Published May 26, 2023 8:58 p.m. ET
Updated May 26, 2023 9:18 p.m. ET
A person shops for produce at the Granville Island Market in Vancouver, on Wednesday, July 20, 2022. THE CANADIAN PRESS/Darryl Dyck
A new survey conducted by Research Co. has found that young Canadians aged 18 to 34 are more likely to be willing to pay a premium for food that is organic or free-from genetically modified organisms (GMO).
Of the 1,000 people involved in the survey, 41 per cent said they would not pay a higher price for organic food. The proportion increases to 57 per cent among people aged 55 and over, but decreases to 41 per cent among those aged 35 to 54. Only about one-quarter (23 per cent) of younger Canadians aged 18 to 34 said they wouldn’t pay more for organic food, according to the survey.
The survey found similar results regarding non-GMO food, with 31 per cent of people expressing their unwillingness to pay a premium for free-from GMO food. The proportion is higher (38 per cent) among those aged 55 and over and similar (31 per cent) among those aged 35 to 54 and lower (22 per cent) for those aged 18 to 34.
More than a third of Canadians would not be willing to pay extra for food from a company that guaranteed a reduction in greenhouse gas emissions, according to Research Co. Similarly, just under half of people aged 55 and older (45 per cent) said they would not consider paying a premium compared to those aged 35 to 54 (38 per cent) and 18 to 34 (23 per cent).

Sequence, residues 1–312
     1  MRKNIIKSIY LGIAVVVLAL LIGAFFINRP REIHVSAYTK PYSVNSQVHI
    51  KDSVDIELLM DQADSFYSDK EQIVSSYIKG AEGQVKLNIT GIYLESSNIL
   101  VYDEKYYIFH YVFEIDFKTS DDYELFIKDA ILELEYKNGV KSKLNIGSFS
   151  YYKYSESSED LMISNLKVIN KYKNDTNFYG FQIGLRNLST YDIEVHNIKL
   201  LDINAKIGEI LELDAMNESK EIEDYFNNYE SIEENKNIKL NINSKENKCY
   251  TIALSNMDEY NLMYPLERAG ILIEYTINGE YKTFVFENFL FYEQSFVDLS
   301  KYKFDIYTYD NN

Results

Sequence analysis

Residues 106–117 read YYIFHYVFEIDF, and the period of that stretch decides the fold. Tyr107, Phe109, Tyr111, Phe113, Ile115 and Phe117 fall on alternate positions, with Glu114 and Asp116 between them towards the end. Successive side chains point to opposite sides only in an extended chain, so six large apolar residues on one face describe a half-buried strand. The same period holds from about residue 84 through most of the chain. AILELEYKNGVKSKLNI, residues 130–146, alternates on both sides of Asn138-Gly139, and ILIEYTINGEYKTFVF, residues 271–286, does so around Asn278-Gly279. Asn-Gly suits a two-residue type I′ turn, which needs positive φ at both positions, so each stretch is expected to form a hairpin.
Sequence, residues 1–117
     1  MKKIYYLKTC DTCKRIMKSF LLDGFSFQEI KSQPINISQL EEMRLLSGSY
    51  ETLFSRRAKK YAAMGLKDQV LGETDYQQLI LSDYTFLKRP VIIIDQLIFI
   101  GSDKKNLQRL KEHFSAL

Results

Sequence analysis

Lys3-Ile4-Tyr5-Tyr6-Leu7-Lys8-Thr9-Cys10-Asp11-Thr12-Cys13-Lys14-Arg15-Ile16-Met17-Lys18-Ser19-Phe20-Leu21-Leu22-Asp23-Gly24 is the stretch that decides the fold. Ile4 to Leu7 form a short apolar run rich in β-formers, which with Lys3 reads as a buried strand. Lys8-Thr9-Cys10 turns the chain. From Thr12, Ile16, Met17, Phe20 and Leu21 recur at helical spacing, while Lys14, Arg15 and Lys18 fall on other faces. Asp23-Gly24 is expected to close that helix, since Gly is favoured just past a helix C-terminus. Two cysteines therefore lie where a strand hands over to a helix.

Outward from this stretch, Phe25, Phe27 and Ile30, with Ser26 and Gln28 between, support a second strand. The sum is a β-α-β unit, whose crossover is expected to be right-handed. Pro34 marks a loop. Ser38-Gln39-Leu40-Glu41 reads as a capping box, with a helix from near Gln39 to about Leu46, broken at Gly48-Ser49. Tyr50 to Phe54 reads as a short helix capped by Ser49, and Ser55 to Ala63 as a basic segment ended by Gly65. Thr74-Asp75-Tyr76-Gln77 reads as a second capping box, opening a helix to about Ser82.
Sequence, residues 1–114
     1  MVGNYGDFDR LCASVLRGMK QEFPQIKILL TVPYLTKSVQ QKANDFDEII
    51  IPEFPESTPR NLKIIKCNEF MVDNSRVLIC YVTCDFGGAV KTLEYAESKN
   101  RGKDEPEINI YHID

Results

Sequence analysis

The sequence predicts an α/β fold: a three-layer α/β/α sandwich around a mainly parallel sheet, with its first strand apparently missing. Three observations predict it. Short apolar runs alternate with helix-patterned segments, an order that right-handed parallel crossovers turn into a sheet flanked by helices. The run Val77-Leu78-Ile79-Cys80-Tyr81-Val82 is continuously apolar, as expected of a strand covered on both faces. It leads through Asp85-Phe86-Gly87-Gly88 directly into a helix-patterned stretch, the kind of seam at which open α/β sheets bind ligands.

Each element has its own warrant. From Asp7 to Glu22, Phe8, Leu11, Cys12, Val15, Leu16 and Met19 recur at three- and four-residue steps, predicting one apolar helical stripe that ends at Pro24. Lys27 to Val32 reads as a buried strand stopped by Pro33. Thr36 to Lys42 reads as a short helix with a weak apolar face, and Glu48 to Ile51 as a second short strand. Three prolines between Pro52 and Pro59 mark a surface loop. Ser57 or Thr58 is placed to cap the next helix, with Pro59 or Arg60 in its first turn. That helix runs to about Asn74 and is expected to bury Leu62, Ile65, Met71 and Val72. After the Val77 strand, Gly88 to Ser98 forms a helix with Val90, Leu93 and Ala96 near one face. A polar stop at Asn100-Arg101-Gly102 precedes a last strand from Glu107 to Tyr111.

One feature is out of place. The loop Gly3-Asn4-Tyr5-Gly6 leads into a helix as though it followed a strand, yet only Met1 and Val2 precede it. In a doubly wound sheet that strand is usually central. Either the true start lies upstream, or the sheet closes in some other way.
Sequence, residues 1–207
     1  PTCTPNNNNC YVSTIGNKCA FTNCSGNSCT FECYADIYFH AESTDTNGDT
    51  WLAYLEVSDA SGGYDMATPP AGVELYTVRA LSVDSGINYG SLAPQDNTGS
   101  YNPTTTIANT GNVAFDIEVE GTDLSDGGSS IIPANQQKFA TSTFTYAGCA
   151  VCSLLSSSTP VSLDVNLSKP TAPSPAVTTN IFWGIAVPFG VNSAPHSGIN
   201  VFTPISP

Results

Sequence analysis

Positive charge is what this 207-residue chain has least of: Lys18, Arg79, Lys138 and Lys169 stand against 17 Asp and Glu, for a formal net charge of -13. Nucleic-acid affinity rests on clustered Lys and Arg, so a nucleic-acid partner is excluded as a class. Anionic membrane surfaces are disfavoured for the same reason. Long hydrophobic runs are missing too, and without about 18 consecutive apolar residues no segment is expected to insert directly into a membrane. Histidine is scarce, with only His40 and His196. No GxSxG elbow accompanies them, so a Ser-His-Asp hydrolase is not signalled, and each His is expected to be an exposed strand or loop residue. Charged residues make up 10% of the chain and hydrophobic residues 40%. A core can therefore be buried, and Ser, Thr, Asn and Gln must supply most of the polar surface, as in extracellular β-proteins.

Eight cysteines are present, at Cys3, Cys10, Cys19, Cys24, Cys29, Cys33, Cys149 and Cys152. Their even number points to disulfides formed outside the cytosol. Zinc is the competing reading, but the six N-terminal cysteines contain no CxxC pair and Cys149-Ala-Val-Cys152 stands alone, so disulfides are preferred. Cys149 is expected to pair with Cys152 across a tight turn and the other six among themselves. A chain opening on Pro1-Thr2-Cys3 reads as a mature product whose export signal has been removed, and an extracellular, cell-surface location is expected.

“More than two-in-five residents of Saskatchewan and Manitoba (42 per cent), Atlantic Canada (41 per cent) and Alberta (41 per cent) would not be swayed by food producers guaranteeing lower greenhouse gas emissions than their competitors,” Research Co. president Mario Canseco said in a news release published May 17. “The proportions are lower in British Columbia (37 per cent), Ontario (35 per cent) and Quebec (28 per cent).
When asked about climate change, 79 per cent of Canadians agreed that it threatens the world’s food supply, 76 per cent of people said they feel climate change is a danger to Canada’s food supply and 73 per cent said the same about their province.
The survey also found 33 per cent of Canadians frequently check the labels of the food they buy to review the country or province of origin. About 24 per cent check labels to see if products are organic while 23 per cent do so to verify if they are non-GMO.
Research Co. says 61 per cent of Canadians believe that the agriculture sector is “definitely” or “probably” taking steps to reduce its environmental impact, 60 per cent said the forestry sector is doing the same, while the perception is lower for the natural gas (47 per cent) and mining (42 per cent) industries.
Results are based on an online study conducted from May 4 to May 6, 2023, among 1,000 adults in Canada. The data has been statistically weighted according to Canadian census figures for age, gender, and region. The margin of error, which measures sample variability, is +/- 3.1 percentage points, nineteen times out of twenty.
Reporting for this story was paid for through The Afghan Journalists in Residence Project funded by Meta.
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